Iowa could see more nuclear power plants similar to Palo's - KWWL - Eastern Iowa Breaking News, Weather, Closings

Iowa could see more nuclear power plants similar to Palo's

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PALO (KWWL)-- A bill that would position Iowa to attract investment in nuclear power plants appears to have strong chances in the Iowa legislature this session which has some fearing the worst.   The town of Palo in Linn County is home to Iowa's only nuclear power provider.

Olin Andrews takes a break from work on the family farm.  His land sits less than a mile from Iowa's only nuclear power plant.  Olin says, "You ain't gonna move your farm because they are next door."

The plant opened 37 years ago and Olin's family eventually accepted their nuclear neighbor.

Olin says, "You try not to think about anything that could be bad, and it gets to be part of life, it's there, like any other neighbor!"

Rose Walters moved to Palo in 1993.

She says the plant is visually hard to miss, but it rarely disrupts her way of life.

Rose says, "It's just like new windmills going up, or anything else, its progress."

More plants could pop up in the next decade in Iowa.

A bill under consideration would allow utilities to charge customers for researching and potentially constructing plants similar to Duane Arnold.

Renee Nelson is the spokesperson for Duane Arnold Energy Center.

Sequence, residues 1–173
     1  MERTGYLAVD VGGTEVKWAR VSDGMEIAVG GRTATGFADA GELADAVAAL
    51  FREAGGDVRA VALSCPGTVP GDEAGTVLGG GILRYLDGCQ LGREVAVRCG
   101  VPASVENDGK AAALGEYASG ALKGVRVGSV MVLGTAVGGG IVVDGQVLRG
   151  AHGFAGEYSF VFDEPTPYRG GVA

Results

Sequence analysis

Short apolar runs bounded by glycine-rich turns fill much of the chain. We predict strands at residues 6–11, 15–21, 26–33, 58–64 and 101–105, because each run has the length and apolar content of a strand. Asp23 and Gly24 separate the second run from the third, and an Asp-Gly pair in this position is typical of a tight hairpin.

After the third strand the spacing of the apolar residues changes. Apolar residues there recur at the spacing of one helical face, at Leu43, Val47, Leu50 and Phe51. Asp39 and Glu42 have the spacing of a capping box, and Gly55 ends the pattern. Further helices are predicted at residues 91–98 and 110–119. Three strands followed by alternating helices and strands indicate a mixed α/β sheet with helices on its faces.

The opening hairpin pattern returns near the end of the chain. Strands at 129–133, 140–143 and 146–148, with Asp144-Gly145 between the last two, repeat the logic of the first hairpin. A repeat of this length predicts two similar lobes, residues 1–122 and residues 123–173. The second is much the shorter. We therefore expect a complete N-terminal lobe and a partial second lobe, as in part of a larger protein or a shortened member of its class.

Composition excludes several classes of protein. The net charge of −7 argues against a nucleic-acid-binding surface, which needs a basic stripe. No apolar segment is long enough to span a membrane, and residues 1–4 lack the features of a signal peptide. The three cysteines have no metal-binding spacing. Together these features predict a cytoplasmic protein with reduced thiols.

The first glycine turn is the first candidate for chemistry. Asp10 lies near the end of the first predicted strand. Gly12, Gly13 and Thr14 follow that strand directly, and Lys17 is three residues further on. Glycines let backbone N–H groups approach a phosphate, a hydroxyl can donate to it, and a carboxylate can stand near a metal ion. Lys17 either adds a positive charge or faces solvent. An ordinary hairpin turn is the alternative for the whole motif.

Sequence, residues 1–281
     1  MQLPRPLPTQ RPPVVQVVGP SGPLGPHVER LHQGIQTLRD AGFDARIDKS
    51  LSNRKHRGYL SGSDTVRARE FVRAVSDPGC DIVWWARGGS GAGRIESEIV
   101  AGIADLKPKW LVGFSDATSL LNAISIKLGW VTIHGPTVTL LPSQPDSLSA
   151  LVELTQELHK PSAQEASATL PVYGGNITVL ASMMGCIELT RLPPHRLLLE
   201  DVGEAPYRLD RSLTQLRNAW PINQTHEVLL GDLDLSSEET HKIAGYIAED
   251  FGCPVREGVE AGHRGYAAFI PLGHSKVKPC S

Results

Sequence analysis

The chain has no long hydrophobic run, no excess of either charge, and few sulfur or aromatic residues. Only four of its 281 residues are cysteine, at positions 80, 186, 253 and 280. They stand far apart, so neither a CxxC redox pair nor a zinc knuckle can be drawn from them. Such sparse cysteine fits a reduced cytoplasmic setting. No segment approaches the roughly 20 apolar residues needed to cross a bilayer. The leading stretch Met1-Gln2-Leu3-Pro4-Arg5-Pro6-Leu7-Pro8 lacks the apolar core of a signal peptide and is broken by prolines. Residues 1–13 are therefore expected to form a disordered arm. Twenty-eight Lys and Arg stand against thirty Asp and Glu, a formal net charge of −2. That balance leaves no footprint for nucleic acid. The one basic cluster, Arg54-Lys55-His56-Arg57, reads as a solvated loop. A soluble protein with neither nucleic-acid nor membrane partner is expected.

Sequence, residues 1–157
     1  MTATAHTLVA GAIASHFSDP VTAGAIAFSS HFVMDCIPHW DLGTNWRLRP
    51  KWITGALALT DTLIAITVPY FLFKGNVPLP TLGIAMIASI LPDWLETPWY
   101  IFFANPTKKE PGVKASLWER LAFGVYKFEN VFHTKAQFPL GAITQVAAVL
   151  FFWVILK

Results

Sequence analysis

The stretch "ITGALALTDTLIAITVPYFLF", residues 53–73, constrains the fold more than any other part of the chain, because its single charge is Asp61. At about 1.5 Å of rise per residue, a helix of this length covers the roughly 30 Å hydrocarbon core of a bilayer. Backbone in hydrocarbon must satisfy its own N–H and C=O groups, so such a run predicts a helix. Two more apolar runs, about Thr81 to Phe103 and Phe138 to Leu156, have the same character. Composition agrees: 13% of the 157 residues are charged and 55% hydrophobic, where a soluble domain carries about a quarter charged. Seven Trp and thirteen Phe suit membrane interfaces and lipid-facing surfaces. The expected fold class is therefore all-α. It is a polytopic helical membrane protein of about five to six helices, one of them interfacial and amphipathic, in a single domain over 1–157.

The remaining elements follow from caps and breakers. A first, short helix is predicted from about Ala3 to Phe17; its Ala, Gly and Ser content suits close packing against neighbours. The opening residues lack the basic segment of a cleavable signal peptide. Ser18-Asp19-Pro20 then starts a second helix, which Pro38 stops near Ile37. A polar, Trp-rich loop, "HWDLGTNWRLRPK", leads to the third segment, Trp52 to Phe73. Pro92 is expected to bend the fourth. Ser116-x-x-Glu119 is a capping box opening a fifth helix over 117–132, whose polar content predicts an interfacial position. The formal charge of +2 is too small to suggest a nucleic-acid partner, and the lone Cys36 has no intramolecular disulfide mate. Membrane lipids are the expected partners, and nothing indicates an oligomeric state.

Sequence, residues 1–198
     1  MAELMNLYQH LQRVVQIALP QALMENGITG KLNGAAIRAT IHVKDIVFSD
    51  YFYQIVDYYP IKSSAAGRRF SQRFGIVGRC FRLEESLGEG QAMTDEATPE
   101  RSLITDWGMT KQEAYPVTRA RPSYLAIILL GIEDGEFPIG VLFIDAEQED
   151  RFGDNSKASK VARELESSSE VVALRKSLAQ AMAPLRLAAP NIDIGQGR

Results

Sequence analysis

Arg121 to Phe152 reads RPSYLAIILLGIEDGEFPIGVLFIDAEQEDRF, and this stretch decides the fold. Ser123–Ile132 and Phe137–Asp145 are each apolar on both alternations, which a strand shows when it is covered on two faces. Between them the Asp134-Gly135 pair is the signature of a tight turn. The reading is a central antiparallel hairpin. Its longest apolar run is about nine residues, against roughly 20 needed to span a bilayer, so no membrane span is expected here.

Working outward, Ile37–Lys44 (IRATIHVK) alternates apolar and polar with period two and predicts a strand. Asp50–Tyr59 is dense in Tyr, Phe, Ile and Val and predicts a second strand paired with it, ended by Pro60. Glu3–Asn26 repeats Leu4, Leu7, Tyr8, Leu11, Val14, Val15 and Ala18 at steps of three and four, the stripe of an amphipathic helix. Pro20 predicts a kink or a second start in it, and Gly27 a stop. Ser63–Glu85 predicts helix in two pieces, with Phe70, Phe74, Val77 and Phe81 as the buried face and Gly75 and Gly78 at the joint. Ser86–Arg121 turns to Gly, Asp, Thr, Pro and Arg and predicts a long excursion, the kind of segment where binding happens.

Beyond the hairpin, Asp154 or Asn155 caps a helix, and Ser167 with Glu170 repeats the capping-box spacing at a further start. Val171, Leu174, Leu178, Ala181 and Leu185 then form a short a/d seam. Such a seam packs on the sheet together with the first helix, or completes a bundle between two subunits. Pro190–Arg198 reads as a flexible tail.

"We employ more than 600 and believe we've been a good neighbor to the people who live close to us and the state. We're excited to see the state pursue looking at nuclear as an energy form for the future."

Senator Joe Bolkcom, a democrat from Iowa City says, "We need to slow it down and make sure people understand the implications of this very expensive plan."

Mid-American Energy is researching potential locations. If they proceed, Iowa's second Nuclear plant could be in operation by 2020.

The people of Palo look forward to hearing who might follow in their hometown's footsteps.

Olin Andrews says, "After you live here, you don't even know they're even there."

A law approved by the legislature last year allows the utility to pass along up to $5 million dollars per year in study expenses to customers for three years.

Physicians for Social Responsibility and other groups that support renewable energy are lining up to oppose the latest version of the bill.

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